THE Tory party was delivered shattering blows on the eve of its conference when Tory MP Mark Reckless stepped out onto the platform of the UKIP conference to announce that he was leaving the party, joining UKIP and forcing another by-election on the coalition.
Reckless becomes the second Tory MP to jump ship after Douglas Carswell came out of the closet last month to join UKIP, triggering a by-election in his Essex constituency – a seat he is predicted to hold – while UKIP leader Farage is boasting that up to eleven more Tory MPs are up for resigning from the party.
Just hours after the Reckless bombshell, another Tory minister, Brooks Newmark, was forced to resign, this time over revelations in a Sunday newspaper concerning his involvement in a sex scandal.
These two devastating blows to the Tory party came at a time when Cameron was congratulating himself on managing to survive being thrown out of the leadership over the Scottish independence vote and for having avoided another defeat in the House of Commons over going to war in Iraq and Syria last Friday.
On both occasions, he owes a great debt to the treachery of the Labour Party leadership who rode to his rescue.
In Scotland, Gordon Brown was drafted in at the last moment to head off the hatred of the Tories expressed in the Yes vote in the former Labour strongholds like Glasgow and Dundee, while on Friday, Miliband lined up to throw his full support behind Cameron and the bombing campaign – a campaign which Cameron made clear in his speech he was prepared to extend to Syria without coming back for another vote.
Far from operating from any position of strength, Cameron presides over a Tory party that is split from head to toe and mired in sleaze; a crisis that can only deepen if Carswell beats the official Tory candidate in October’s by-election, prompting a whole host of Tory MPs to seek political survival by jumping the sinking ship.
The root cause of this crisis tearing them apart lies in the very sharp nature of the world crisis and its impact on the weak British capitalist economy.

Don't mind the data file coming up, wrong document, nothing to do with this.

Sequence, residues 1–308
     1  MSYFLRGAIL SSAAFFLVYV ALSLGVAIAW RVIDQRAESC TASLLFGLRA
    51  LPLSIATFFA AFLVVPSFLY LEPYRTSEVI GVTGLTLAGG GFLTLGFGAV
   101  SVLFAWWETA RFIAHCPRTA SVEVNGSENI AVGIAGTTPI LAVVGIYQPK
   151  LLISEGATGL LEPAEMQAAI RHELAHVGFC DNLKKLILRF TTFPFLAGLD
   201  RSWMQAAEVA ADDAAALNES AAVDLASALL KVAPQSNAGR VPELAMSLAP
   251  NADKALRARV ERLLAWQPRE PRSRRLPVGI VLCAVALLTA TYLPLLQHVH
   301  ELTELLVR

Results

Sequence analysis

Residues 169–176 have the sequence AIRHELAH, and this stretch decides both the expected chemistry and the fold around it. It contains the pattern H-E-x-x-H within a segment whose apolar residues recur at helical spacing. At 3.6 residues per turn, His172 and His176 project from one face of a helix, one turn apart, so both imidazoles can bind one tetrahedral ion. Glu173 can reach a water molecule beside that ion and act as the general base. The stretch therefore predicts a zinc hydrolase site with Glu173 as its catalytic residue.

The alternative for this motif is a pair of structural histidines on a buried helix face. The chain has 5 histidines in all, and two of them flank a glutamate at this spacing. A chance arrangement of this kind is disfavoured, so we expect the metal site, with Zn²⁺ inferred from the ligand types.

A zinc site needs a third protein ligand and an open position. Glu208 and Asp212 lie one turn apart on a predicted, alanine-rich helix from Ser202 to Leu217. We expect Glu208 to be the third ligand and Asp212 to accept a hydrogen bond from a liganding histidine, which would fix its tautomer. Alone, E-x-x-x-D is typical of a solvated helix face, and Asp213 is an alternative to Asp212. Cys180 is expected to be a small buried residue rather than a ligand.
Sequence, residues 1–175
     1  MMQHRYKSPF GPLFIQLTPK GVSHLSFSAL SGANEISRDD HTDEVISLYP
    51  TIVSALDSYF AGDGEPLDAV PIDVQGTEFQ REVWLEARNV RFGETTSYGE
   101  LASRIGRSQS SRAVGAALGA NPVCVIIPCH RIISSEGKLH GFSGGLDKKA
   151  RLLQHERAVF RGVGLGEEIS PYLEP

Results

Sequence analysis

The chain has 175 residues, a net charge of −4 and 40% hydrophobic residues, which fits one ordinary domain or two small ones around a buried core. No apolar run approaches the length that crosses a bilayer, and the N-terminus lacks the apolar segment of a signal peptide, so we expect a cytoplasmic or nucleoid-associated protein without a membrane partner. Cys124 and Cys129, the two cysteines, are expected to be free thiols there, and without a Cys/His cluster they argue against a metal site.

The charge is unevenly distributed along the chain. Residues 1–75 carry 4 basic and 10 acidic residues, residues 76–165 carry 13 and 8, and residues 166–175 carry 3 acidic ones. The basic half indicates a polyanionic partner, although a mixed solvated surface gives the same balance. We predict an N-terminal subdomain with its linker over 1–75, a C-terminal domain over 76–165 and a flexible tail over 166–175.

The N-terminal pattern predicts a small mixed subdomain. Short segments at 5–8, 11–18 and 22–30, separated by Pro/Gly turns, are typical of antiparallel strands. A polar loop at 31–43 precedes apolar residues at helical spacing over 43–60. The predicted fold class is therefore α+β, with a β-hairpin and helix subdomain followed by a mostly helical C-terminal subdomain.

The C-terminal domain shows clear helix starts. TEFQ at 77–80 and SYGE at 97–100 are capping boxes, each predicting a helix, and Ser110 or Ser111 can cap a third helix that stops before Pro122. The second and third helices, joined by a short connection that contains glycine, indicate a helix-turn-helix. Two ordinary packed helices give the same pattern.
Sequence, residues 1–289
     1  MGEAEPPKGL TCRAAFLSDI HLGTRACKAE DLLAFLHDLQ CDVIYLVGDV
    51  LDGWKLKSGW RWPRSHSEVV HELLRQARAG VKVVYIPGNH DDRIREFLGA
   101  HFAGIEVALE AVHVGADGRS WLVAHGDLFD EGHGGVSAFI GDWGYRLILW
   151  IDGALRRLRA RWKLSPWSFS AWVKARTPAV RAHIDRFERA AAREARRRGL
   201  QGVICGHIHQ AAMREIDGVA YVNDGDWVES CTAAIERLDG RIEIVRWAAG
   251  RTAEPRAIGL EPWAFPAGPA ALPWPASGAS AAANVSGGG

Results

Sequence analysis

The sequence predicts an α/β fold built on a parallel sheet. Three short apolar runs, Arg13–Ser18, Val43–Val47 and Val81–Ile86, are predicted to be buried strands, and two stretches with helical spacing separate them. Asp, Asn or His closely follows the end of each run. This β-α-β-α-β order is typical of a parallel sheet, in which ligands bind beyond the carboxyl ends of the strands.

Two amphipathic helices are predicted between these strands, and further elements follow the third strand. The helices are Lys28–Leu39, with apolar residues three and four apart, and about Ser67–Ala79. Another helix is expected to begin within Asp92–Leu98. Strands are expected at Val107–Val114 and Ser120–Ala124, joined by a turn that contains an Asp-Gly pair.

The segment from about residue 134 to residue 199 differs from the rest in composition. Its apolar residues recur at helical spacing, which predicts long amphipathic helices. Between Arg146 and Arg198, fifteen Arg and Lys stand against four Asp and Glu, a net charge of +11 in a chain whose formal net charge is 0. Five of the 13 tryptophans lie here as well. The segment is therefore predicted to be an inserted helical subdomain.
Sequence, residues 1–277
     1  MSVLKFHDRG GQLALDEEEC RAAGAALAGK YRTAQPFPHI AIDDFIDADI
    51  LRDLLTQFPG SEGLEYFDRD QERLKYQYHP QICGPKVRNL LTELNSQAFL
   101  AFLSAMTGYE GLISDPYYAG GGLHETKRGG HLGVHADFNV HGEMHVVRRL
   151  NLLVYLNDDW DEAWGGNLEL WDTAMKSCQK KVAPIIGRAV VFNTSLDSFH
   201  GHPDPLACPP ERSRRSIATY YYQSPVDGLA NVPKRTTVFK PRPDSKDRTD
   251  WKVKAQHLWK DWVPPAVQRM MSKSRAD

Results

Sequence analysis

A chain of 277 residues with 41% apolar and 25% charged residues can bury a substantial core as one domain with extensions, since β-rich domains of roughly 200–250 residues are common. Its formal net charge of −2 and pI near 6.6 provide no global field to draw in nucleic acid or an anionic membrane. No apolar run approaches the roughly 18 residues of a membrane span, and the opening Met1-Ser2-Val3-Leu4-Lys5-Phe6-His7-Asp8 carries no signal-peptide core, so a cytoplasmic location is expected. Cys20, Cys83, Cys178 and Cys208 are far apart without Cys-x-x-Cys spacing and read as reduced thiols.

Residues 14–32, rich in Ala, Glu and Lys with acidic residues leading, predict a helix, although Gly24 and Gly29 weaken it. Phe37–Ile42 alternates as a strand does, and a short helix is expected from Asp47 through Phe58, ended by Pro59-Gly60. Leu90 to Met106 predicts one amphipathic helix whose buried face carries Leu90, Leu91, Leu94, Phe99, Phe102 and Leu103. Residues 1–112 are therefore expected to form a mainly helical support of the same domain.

Faced with a massive and unrepayable national debt, the Tories are driven to declare permanent war through austerity on the working class at home.
This was made clear at the very outset of the conference, where Osborne outlined a host of welfare cuts, including stopping all benefits to young people out of work for more than six months.
At the same time as this permanent war on workers and youth, Cameron last Friday made it clear that the war against the people of the Middle East would also be permanent, saying the war in Iraq and Syria would be a ‘long haul’.
Cameron intends that workers will pay both for the massive bank debt and for the imperialist war to dominate the world and its resources through permanent austerity.
There must be action now to bring down the coalition.
The fact that Cameron and the Tories – weak, hopelessly split and universally hated by the working class and youth – are still able to keep going is down solely to the treachery of the leadership of the working class.
It is the refusal of the trade union leaders to take any action to bring down this government that allows Cameron and the coalition to go ahead with their war on two fronts.
Instead of mobilising the working class into action, at every turn they have sought to divert the anger of workers down the blind alley of one-day protest strikes, petitions and marches.
The time has come to put an end to protests and demand that these leaders either lead a real fight by calling an immediate general strike to bring down the government and go forward to a workers government and socialism or themselves be removed and replaced with a new revolutionary leadership.
This is the historic issue facing the working class and youth today.
Only the WRP and Young Socialists are building the revolutionary leadership required – join today.